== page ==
June 27, 2013

Guest Post: Jennifer Cody Epstein's The Gods of Heavenly Punishment

Please welcome Jennifer Cody Epstein as part of her virtual tour while promoting her novel, The Gods of Heavenly Punishment.

On Fiction and Fashion

As a writer, I seem to be drawn to very dark themes. My first novel, The Painter from Shanghai, was about Chinese artist Pan Yuliang's journey from prostitution to Post Impressionism, and it included several very tough phases/scenes. My second novel, The Gods of Heavenly Punishment, is even darker--it studies the 1945 firebombing of Tokyo (100,000 Japanese civilians incinerated by American napalm-packed bombs in under four hours) from both sides of the conflict. It covers cruelty by Japanese soldiers to both their occupied peoples and their own kind, as well as infidelity and moral betrayal. Obviously, there are happy moments in both novels. They both feature redemption of the human spirit and the power of the human soul as key themes. And they both center around heroines who fight for the right to define—and ultimately succeed in defining--their own destinies.

The less-happy stuff that those heroines had to go through, though, was still pretty heavy; both to research, and to try to process onto paper. In fact, one question I often get from readers and interviewers is how I got myself through those few grim and dark scenes. It’s a fair question, I think. There were certainly moments (after, say, describing Tokyo’s eerie, smoking silence the morning after the attack) where I asked myself the same thing: How on earth am I going to get through this? Up until now, at least, I’ve given a fairly standard response: I grounded myself in the happy, healthy moments of my life. I went running with my dog, and watched old movies with my daughters, and drank good wine and ate good food with my husband and friends. I did a lot of yoga. I meditated. I got massages and acupuncture: all true. 

There is one thing I also did, though, about which I haven’t always been as forthcoming. And here it is:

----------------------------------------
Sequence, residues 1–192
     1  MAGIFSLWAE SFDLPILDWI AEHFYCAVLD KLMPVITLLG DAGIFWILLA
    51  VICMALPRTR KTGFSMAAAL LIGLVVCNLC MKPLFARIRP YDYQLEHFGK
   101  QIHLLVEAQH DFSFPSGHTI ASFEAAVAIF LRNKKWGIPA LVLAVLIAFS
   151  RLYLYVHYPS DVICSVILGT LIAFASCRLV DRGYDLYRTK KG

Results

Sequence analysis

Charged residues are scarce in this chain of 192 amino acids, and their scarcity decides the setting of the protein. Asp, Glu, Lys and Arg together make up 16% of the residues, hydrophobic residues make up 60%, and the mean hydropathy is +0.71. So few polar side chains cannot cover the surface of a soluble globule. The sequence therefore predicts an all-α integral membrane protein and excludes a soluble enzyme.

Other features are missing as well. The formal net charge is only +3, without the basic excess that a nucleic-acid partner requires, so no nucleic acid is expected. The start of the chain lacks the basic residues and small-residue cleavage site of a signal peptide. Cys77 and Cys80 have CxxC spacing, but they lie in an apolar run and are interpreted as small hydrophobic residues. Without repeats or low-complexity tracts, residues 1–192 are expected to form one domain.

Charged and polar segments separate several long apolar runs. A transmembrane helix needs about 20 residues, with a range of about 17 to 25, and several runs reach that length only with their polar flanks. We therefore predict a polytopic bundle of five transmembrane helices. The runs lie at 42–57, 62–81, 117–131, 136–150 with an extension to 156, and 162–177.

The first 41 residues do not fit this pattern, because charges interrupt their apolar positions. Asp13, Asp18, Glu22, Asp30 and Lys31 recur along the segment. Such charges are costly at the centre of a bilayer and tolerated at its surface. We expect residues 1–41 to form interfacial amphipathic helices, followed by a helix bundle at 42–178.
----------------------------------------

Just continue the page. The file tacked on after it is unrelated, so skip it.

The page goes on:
I shopped. 

It’s embarrassing, and yet I can’t in good conscience deny it: my writing fueled a surprising consumer habit. Every chapter or so---or after a particularly tough scene, or (sometimes) before a scene I knew would be difficult—I would allow myself to go on line and cruise around for up to an hour, filling e-carts to my heart’s delight. And it wasn’t with useful things like household linens or duct tape or toilet paper. I shopped for fashion—for really interesting, unique, of-the-moment clothes, shoes and accessories. I was never quite sure why I was doing it. But for some reason, foraging through cybermalls in search of the perfect cuff bracelet or pair of platforms got me through some of the bleakest writing stints of my life. What’s more, after a while I started to realize that simply learning about the newest jeans or the best dress deals or the most environmentally-friendly handbags wasn’t enough: as was the case with the “real” research I was doing about the Pacific War, I felt compelled to write about what I was discovering. And so, about three years ago—and about a hundred pages into my second novel—I launched a fashion blog. I did it anonymously, and kept it tongue-in-cheek and witty, with each post ending with a literary reference or featuring an interview with a fellow writer or designer. But the fact that I did it at all caused some people to shake their heads: why? Why would a supposedly smart, literary woman express an interest in—much less write about—something as frivolous as fashion? 

It’s a question I asked myself repeatedly as I wrote my columns (on asymmetrical hemlines and heelless high-heels and one-shouldered tops) between and around scenes about fire and death: Why am I interested in this stuff? Granted, I’d always liked clothes. One of my earliest memories is of getting a new pair of Mary Janes as a toddler and loving them so much that I wore them to bed. Growing up, though, I’d essentially embraced the shapeless, neutral-hued, flat-soled and largely-linen styles of New England, and wore them well into my early thirties. But when I came to New York, something in my fashion outlook changed. I think it related to the innovation I saw in the outfits I saw being strutted down city streets; the way so many people here put together their daily ensembles with such obvious thought and care. They looked—good. And it looked like fun. At some point, it even occurred to me that the putting-together of such statements was not unlike the putting-together of—well, statements. Or sentences. Like the ones I put together every day on my computer screen. In other words, it occurred to me that fashion was perhaps just another form of expression—one with its own lyricism and logic and balance. And what better place to study it than here in NYC—the second fashion capital of the world?